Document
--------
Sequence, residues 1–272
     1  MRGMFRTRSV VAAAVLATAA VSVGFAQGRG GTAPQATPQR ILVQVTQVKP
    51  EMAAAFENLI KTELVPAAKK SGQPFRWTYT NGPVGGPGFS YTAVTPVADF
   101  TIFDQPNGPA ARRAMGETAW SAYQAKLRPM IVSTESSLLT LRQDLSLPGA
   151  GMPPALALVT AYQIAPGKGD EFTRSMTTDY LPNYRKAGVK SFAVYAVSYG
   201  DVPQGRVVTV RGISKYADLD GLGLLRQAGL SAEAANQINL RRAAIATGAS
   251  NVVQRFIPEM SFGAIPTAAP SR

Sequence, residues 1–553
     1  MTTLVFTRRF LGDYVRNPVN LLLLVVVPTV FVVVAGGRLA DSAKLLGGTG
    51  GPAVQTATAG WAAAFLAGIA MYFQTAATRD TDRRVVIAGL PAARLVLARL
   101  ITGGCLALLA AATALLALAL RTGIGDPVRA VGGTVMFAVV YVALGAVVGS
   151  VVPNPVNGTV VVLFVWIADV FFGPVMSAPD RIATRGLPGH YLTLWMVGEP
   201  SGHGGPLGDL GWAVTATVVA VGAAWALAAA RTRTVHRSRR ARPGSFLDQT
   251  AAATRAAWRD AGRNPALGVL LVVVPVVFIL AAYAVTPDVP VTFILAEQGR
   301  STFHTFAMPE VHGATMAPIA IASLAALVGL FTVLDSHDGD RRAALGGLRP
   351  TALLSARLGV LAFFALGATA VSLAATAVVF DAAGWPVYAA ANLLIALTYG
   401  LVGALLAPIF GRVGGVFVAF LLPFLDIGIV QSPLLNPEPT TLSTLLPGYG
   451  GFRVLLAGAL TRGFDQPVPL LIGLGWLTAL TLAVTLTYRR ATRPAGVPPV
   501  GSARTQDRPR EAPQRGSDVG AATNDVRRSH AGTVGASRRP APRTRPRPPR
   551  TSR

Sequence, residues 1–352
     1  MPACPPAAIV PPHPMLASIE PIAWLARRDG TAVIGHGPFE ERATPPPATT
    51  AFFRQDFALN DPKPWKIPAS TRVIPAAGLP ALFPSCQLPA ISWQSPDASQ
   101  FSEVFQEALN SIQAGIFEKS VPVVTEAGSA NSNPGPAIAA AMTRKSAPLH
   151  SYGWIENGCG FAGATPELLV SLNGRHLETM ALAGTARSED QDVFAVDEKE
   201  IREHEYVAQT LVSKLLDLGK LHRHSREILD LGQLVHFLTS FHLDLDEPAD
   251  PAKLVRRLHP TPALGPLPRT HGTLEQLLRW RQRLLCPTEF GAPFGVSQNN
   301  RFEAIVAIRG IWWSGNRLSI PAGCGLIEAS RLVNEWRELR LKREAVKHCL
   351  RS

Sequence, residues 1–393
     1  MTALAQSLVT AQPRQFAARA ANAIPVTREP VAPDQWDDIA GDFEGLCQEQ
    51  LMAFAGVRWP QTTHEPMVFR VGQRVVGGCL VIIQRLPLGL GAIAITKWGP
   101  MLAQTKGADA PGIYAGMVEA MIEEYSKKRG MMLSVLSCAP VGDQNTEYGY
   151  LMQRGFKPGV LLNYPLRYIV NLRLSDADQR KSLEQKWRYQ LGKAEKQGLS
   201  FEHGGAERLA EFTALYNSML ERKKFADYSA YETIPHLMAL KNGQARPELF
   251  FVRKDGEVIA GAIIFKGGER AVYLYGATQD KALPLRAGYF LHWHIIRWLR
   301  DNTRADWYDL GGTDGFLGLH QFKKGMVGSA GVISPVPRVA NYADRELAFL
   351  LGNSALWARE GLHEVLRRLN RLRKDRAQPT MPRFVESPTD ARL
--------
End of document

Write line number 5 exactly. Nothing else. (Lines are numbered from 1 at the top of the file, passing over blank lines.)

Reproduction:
   151  GMPPALALVT AYQIAPGKGD EFTRSMTTDY LPNYRKAGVK SFAVYAVSYG